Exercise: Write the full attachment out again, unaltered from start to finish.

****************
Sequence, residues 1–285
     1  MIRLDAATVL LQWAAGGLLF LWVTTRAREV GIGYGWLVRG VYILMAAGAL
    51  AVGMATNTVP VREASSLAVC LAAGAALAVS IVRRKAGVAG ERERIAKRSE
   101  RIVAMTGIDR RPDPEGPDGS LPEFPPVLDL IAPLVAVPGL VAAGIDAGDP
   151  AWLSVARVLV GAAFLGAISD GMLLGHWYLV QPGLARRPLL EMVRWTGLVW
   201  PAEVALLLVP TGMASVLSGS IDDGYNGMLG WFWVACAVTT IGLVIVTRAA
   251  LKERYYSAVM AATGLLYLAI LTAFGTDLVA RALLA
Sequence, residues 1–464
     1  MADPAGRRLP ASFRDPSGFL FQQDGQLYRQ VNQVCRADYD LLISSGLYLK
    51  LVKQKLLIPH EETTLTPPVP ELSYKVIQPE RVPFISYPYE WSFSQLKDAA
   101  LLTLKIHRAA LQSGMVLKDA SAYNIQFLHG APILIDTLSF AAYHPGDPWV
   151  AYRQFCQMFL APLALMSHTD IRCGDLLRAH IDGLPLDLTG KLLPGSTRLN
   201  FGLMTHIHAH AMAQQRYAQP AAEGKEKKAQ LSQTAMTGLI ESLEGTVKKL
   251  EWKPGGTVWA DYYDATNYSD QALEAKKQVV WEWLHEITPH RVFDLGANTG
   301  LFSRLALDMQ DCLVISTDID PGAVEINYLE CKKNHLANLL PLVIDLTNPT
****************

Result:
Sequence, residues 1–285
     1  MIRLDAATVL LQWAAGGLLF LWVTTRAREV GIGYGWLVRG VYILMAAGAL
    51  AVGMATNTVP VREASSLAVC LAAGAALAVS IVRRKAGVAG ERERIAKRSE
   101  RIVAMTGIDR RPDPEGPDGS LPEFPPVLDL IAPLVAVPGL VAAGIDAGDP
   151  AWLSVARVLV GAAFLGAISD GMLLGHWYLV QPGLARRPLL EMVRWTGLVW
   201  PAEVALLLVP TGMASVLSGS IDDGYNGMLG WFWVACAVTT IGLVIVTRAA
   251  LKERYYSAVM AATGLLYLAI LTAFGTDLVA RALLA
Sequence, residues 1–464
     1  MADPAGRRLP ASFRDPSGFL FQQDGQLYRQ VNQVCRADYD LLISSGLYLK
    51  LVKQKLLIPH EETTLTPPVP ELSYKVIQPE RVPFISYPYE WSFSQLKDAA
   101  LLTLKIHRAA LQSGMVLKDA SAYNIQFLHG APILIDTLSF AAYHPGDPWV
   151  AYRQFCQMFL APLALMSHTD IRCGDLLRAH IDGLPLDLTG KLLPGSTRLN
   201  FGLMTHIHAH AMAQQRYAQP AAEGKEKKAQ LSQTAMTGLI ESLEGTVKKL
   251  EWKPGGTVWA DYYDATNYSD QALEAKKQVV WEWLHEITPH RVFDLGANTG
   301  LFSRLALDMQ DCLVISTDID PGAVEINYLE CKKNHLANLL PLVIDLTNPT